Your method is incomprehensible because you don’t question your decision-making process. You’re only concerned with the end result. However, have you thought about what specific mental models (thinking frameworks) you can use to make your choice? We tend to rush through the decision-making process instead of taking our time. That could be because they don’t have the time, resources, or knowledge to do so—it doesn’t matter! There is no justification for skipping the decision-making process, no matter what the reason may be. Simply because there’s no other way to become a bad decision-maker.

Focus on how thorough your decision-making process is instead of how successful your choices are. To be clear, you don’t have to be an expert on mental models—I’m not one of them! It’s common for pseudo-intellectuals to spend more time talking about mental models than they do actually using them to accomplish anything of value in the real world. They’re just averse to letting their imaginations run wild. However, as you and I both know, knowledge is useless if it is not put into practice.

Because of this, I recommend reading only the following two books:

Peter Bevelin’s book, Seeking Wisdom, examines Charlie Munger and Warren Buffett’s mental models.

Nassim Taleb’s “Fooled by Randomness” is one of my favourite models of thought. It aids comprehension of the role played by chance in determining outcomes.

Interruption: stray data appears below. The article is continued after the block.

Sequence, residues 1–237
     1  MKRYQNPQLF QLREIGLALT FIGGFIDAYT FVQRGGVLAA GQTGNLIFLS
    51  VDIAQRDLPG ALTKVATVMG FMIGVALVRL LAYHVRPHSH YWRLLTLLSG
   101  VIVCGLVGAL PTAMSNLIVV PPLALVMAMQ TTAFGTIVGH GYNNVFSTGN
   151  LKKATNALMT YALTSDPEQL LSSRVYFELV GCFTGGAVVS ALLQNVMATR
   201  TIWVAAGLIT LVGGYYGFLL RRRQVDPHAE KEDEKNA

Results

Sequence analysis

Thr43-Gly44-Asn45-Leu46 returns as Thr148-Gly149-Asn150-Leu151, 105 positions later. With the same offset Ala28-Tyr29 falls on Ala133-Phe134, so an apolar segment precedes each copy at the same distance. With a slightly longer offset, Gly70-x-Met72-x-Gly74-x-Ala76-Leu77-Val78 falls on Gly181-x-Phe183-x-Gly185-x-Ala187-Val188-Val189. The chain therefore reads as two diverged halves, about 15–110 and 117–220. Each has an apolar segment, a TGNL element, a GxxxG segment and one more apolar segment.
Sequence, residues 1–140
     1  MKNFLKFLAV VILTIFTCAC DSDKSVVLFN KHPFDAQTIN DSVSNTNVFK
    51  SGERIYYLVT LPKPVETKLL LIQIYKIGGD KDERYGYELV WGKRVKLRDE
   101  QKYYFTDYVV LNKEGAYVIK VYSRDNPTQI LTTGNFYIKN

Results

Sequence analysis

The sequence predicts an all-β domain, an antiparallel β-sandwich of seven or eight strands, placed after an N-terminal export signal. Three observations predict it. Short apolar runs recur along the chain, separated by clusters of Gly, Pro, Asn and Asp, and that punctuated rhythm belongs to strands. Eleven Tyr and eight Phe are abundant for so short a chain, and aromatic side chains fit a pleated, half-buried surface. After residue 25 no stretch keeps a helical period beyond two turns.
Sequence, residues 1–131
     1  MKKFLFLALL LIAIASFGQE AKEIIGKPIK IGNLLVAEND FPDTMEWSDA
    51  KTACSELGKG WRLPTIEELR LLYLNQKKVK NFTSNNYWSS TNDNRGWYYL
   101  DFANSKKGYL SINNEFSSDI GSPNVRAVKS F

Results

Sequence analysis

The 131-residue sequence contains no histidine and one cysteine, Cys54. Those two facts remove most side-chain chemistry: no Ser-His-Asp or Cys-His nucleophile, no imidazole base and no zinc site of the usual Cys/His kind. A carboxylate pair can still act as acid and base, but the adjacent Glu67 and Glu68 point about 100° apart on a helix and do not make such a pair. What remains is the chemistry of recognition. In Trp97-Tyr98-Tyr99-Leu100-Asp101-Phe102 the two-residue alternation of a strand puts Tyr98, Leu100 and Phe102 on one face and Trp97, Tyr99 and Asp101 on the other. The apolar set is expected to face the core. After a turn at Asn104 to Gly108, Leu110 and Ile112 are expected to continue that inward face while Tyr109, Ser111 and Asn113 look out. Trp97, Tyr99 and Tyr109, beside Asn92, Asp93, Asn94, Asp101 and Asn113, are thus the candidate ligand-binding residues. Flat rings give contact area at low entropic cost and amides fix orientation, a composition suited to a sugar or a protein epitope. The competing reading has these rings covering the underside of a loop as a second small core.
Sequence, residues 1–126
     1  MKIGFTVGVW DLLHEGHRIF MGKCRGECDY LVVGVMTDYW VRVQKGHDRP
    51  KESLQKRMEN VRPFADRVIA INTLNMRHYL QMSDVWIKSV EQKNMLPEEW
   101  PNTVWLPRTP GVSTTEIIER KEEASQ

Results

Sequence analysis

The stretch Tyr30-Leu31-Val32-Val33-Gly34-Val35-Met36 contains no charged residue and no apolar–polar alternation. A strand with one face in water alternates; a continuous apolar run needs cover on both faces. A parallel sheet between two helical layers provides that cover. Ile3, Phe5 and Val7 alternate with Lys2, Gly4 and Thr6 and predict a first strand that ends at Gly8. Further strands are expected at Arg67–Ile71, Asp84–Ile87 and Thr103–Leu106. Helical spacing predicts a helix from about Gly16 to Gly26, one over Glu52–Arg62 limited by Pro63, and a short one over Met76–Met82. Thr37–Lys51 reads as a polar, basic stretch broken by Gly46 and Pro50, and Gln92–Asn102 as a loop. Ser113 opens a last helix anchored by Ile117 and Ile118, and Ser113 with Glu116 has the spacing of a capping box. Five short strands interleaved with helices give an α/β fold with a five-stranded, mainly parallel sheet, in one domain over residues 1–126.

As long as there are mental models, we will never be able to accurately predict the future. We can, however, make decisions that we will not regret. We can always say we did the right thing by simply focusing on the thought process. If you want to avoid regret no matter what the outcome is, you have to do this: “What should I do? “It’s obvious that we should never dwell on our follies. A lesson can be learned from any misstep. Another kind of regret, on the other hand, can lead to death. Regret stems from inaction. With my grandmother, I’ve witnessed this first-hand. She succumbed to her own grief at the end of her life. Those tears were tears of regret for the things she didn’t do. Regardless of what we do, we all have to deal with hardships in life. As Jim Rohn once said: “But there is a difference in suffering. “When it comes to pain, we all have two options: discipline or regret or disappointment.

Accomplishment. Increasing the quality of your life and the quality of your connections. Book writing. Creating a company. It’s excruciating. Things worth having in life necessitate a significant investment of time, effort, and self-sacrifice. But there’s something else that’s unbearable: Inaction, disappointment, and laziness are all causes of regret. Which kind of pain is the most excruciating? You have the final say.

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"When things are in order, they're easier to deal with."— Dr.Purushothaman Kollam